People & Money

Oil Price Falls to May Low as Coronavirus Infections Rise in America and Europe

Oil prices fell by more than 4% on Thursday, hitting a five-month low and extending Wednesday’s steep decline over fears that re-imposed coronavirus lockdowns could hurt oil demand.

December Brent crude futures slipped $1.66 or 4.2% to $37.45 a barrel by 05:34 West Africa Time, having dropped to as low as $36.64, its lowest in five months. The more active January contract shed 4% at $38.02 a barrel.

U.S. West Texas Intermediate crude futures sank by $1.50 or 4%, lower at $35.89 after hitting its lowest level since mid-June at $34.92.

Both contracts slumped by over 5% on Wednesday.

“People are reacting to COVID cases that are spiking – they are reacting to the number of new cases,” said Bob Yawger, director of energy futures at Mizuho in New York. The market under further strain about demand fears as additional U.S. economic stimulus has not been forthcoming, Yawger added.

Also Read: Coronavirus Second Wave Puts OPEC+ Under Strain Despite Resurgence of Demand in China and India

With coronavirus infections escalating across Europe, France will need people to stay at home for all except essential activities beginning from Friday, while Germany will close bars, restaurants and theatres from 2nd November until the end of the month.

“As lockdowns begin to bite on demand concerns across Europe, the near-term outlook for crude starts to deteriorate,” said Stephen Innes, chief global market strategist at Axi.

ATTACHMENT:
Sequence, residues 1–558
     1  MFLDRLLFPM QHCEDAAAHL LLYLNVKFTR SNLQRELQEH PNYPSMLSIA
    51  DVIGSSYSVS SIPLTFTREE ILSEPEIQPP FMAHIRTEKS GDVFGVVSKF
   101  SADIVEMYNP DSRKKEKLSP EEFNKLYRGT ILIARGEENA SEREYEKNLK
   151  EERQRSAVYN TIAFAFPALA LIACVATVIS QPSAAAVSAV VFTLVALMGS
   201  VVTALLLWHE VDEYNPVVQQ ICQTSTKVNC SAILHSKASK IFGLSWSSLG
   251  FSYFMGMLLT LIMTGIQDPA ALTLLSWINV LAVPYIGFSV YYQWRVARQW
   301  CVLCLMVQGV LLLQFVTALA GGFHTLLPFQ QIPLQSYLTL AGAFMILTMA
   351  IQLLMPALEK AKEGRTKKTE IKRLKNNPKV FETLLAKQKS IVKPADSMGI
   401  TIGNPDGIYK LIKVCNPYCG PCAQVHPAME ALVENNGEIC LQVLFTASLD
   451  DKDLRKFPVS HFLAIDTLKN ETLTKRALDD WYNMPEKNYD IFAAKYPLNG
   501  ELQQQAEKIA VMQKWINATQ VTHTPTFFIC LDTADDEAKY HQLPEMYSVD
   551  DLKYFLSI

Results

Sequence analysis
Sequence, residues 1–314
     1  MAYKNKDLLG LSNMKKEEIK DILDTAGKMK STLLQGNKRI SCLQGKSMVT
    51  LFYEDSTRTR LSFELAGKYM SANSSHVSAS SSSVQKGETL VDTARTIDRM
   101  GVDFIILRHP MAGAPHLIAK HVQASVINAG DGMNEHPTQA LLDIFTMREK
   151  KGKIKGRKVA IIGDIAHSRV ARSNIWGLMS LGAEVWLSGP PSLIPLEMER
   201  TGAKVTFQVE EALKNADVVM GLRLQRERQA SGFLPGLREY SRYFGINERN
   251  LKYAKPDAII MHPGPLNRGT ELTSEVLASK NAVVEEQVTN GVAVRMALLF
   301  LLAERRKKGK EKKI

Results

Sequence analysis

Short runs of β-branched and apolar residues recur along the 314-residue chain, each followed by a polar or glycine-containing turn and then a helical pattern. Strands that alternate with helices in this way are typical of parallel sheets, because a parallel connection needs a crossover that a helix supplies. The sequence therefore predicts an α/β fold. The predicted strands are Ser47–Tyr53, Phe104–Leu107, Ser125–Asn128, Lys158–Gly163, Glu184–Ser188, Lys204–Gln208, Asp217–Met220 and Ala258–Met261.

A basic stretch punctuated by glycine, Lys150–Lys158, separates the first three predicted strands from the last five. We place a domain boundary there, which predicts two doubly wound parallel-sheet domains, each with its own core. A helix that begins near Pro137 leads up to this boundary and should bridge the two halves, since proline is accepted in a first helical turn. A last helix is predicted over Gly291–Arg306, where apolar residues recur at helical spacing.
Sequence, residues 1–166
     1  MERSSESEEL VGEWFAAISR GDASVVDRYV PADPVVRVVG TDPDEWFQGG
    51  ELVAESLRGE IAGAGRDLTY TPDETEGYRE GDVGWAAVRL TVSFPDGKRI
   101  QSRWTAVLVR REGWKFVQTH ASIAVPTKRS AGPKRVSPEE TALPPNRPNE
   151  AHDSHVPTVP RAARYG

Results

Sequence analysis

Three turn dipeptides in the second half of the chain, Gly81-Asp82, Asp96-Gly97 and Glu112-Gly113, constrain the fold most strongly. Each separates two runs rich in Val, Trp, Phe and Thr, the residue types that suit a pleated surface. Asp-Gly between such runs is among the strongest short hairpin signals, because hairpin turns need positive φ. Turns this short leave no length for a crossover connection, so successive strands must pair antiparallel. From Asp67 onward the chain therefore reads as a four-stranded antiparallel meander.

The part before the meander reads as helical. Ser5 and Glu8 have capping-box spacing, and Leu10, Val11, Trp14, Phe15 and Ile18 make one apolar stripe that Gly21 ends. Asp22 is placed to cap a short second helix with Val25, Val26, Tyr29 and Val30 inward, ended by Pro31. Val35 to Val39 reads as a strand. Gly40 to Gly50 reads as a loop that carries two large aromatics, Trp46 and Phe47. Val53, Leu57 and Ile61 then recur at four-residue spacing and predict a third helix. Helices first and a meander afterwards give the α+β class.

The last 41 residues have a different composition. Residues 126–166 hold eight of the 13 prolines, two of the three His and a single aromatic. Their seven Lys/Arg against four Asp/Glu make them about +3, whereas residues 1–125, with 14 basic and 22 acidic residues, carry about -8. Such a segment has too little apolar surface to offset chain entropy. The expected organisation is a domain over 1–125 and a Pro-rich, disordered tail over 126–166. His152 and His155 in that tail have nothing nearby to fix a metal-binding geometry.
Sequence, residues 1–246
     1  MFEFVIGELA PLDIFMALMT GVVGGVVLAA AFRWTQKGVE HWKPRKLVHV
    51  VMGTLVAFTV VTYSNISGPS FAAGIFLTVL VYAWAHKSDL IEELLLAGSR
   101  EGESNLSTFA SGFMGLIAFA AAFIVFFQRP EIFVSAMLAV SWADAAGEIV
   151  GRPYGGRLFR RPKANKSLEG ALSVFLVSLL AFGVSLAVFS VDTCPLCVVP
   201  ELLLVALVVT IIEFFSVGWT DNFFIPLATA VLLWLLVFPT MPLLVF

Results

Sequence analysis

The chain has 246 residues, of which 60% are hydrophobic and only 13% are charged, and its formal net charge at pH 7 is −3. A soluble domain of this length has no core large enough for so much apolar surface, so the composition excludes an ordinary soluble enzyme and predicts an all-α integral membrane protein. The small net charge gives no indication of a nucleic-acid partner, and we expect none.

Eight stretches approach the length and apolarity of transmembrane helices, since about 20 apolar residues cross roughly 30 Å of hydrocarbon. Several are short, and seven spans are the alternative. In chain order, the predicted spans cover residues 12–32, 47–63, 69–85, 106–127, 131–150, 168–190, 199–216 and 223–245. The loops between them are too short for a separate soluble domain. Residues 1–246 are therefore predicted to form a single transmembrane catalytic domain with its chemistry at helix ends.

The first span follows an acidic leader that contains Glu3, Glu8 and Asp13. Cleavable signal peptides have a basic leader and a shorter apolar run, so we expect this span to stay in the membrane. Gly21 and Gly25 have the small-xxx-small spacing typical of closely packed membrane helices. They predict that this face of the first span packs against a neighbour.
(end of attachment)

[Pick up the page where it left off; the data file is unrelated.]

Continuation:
The Organisation of the Petroleum Exporting Countries (OPEC) and its Russia-led allies will be monitoring the worsening bleak outlook meticulously and building supplies from Libya, an OPEC member.

OPEC and its allies, a cartel known as OPEC+, intend to reduce production cuts in January 2020 from 7.7 million barrels per day (bpd) to around 5.7 million bpd.

Also Read: Oil Prices Slide Further as U.S. Producers Restore Output, but Nigeria’s Bonny Light Gains $0.30 

“[We] believe it is increasingly unlikely that oil production will be stepped up from January. Instead, OPEC and its allies (OPEC+) would really need to implement further production cuts, given the weak prospects for demand,” Commerzbank said.

Libya is currently producing 680,000 bpd and anticipates output to climb to 1 million bpd  in the weeks ahead, a Libyan source said.

OPEC+ will meet on 30th November and 1st December to set policy.

Oil had initially recovered modestly from overnight losses in Asian morning trade on technical support and the possibility of tighter short-term supply as Hurricane Zeta sweeps through Louisiana.

 

 

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